The debate over protests during the national anthem in the NFL has been so divisive that it may be hard to see where the other side is coming from.
NBC 5 sat down Wednesday with three men from different backgrounds — a Dallas Cowboys legend, a veteran, and an activist — for an open conversation.
It started with a handshake and a seat at the table, as three strangers from different points of view introduced themselves.
"I'm Drew Pearson, the Original 88," the Cowboys great said.
To his left, "My name is Arthur Fleming. I'm a veteran and recent past president of NAACP Dallas."
And in the third seat, "My name is Clint McNear. I was in the Marines, and I'm a retired police officer."
At a picnic table in Frisco Commons Park, the three men looked each other in the eye and searched for common ground.
"Maybe we ought to discuss and try to look through each other's lenses for a little bit," McNear said.
It can be hard to hear each other when our divisions run so much deeper than team colors, when a player taking a knee means something radically different to two people.
"By choosing the vehicle that they have, through kneeling and disrespecting the military, that's the way the military takes it. It would be like Mr. Fleming saying, 'Clint, I'm going to slap you until you respect me,'" McNear said. "Well I hope we don't hold our breath, because if you're going to slap me until I respect you, that won't ever get there."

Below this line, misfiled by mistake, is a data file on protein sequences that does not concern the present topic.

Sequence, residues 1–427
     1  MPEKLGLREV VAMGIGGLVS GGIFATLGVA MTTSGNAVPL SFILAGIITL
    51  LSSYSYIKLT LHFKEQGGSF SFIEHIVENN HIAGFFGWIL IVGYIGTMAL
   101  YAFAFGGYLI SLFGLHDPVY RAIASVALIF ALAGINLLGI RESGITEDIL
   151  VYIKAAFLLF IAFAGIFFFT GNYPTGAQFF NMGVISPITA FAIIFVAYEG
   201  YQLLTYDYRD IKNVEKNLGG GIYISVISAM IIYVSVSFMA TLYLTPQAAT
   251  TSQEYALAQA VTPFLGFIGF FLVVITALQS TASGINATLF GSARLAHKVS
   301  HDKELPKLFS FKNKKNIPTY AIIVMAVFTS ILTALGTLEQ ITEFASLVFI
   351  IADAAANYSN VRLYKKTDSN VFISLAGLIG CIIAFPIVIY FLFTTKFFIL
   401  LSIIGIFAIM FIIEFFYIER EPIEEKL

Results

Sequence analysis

"We fought so they could kneel, that's what America is," Fleming countered. "Patriotism should be inspired, not required."
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Fleming served during the Vietnam War and came home to fight for civil rights. He says kneeling for the anthem is just the latest front in a deep-rooted battle for equality.
"Each time, we have to fight for the gains that we make," Fleming said. "It's no different. It's like an American pattern."
But to Pearson, a football stadium is the wrong battlefield.
"If we're depending on the NFL and the players to solve this problem, we're barking up the wrong tree," he said.
Pearson believes players should stand for the anthem.
"How could you not stand because of what they gave up for you?" he asked.
But he added that we all need to stand together to move forward.
"Take it from protest, to process, to programs. But let's make something happen," Pearson said.
On this day, it started with three strangers trading questions.
"What are you trained to do as a police officer when you get in a confrontational situation?" Pearson asked McNear.
They shared perspective.
"The rate that we discipline, terminate and prosecute law enforcement is higher than it's ever been," McNear said.
They set goals.
"Let's meet and discuss, what can we do?" Pearson said. "But not just with the NFL players, have police departments and fire departments, city councils and all that in the meeting."
And they eased toward compromise.
"We have to be open-minded about it that maybe I wind up that I'm wrong and I have to accept what you're telling me, or maybe vice versa," McNear said.
It's a radical idea in a world of opposing teams. But after one conversation, three men left with a new understanding that the only true win is an even tie.